Only buy or fill up your car or bike during early morning, when the ground temperature is still cold. Remember that all service stations have their storage tanks underground..

The colder the ground, the more dense the fuel. When it gets warmer, petrol expands. So, buying in the afternoon or in the evening, your litre is not exactly a litre.

In the petroleum business, the specific gravity and the temperature play an important role.

1 degree rise in temperature is a big deal for this business. But the service stations do not have temperature compensation at the pumps.

Another most important tip is to fill up when your tank is HALF FULL.

The reason for this is, the more fuel you have in your tank the less is the air occupying its empty space. Petrol evaporates faster than you can imagine.

Another useful information is to avoid filling up if there is a fuel truck pumping into the storage tanks when you stop to buy.

Most likely, the petrol/diesel is being stirred up as the fuel is being delivered, and you might pick up some of the dirt that normally settles on the bottom.

From India, Hyderabad
Just some days back, the Indian oil marketing companies (OMCs) declared a sharp hike in petrol prices to the tune of Rs 5 per litre. The move came immediately after the Assembly elections of some states. That was indeed quite an opportunistic move. Even after this hike, the OMCs are still losing about Rs 5.5 per litre. So there is a fair chance that there could be another hike in petrol prices soon. Not to mention, diesel and LPG is also set to get dearer later during the month.

Source: Mumbai Mirror

The media has been constantly talking about rising crude oil prices and how the Indian OMCs are losing so much money as a result of fuel subsidies. To a logical mind, it seems obvious that if international crude oil prices are rising, there is no way we can escape the brunt of it. But if you look at some basic facts, you get a feeling that there has been some deliberate shaping of public opinion. In fact, fuel prices need not be as high as they are now.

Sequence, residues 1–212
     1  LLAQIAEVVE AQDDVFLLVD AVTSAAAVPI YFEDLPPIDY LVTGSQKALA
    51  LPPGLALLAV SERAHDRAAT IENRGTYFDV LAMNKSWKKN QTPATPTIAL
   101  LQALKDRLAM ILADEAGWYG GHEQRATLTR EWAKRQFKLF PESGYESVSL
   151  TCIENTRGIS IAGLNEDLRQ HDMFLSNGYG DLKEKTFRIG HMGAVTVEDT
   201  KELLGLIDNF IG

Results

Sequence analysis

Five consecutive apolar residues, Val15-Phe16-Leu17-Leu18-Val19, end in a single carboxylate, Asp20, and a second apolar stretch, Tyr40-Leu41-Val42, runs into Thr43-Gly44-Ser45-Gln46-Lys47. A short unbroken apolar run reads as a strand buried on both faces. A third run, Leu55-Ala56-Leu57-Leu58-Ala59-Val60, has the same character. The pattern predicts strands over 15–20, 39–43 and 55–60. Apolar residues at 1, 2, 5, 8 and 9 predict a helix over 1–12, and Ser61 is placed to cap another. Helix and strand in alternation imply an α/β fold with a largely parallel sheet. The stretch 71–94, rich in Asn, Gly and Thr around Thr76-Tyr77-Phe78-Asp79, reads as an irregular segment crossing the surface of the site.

The problem is that we fail to ask how much petrol really costs. Let's try some simple arithmetic. International crude oil prices are hovering around US$ 112.5 per barrel. That translates to about Rs 5,085 per barrel. Each barrel contains about 158.76 litres. So, effectively crude oil costs Rs 32 per litre. Now, add the cost of refining it to petrol or diesel. According to an oil company official, the refining cost is about 52 paise per litre. Add about Rs 6 as capital costs for the refinery. Then there's the cost of transportation (Rs 6) and dealer's commission (Rs 1.05). So, adding all that, the price of petrol comes to about Rs 45.6 per litre. But how much are we actually paying for petrol? Rs 68.3 in Mumbai, Rs 63.4 in New Delhi, Rs 71 in Bangalore!

Why are we paying so much more and to whom? The answer is tax. Not many are aware about the huge quantum of central and state government taxes and duties levied on fuel prices. In some states the tax component is pretty close to 50%. To add to that, these taxes are levied as a percentage of the basic price of the fuel and aren't fixed per litre. That means rising fuel prices only add more to the government's kitty. But all we hear about are the huge subsidies and the bleeding OMCs.

An optimal solution at the moment would be to reduce the tax burden on fuels. But neither the central government nor the state governments have shown any willingness to budge one bit.

Investing in Indian Stock Markets - The real culprit behind high fuel prices in India - The 5 Minute WrapUp -

From India, Mumbai

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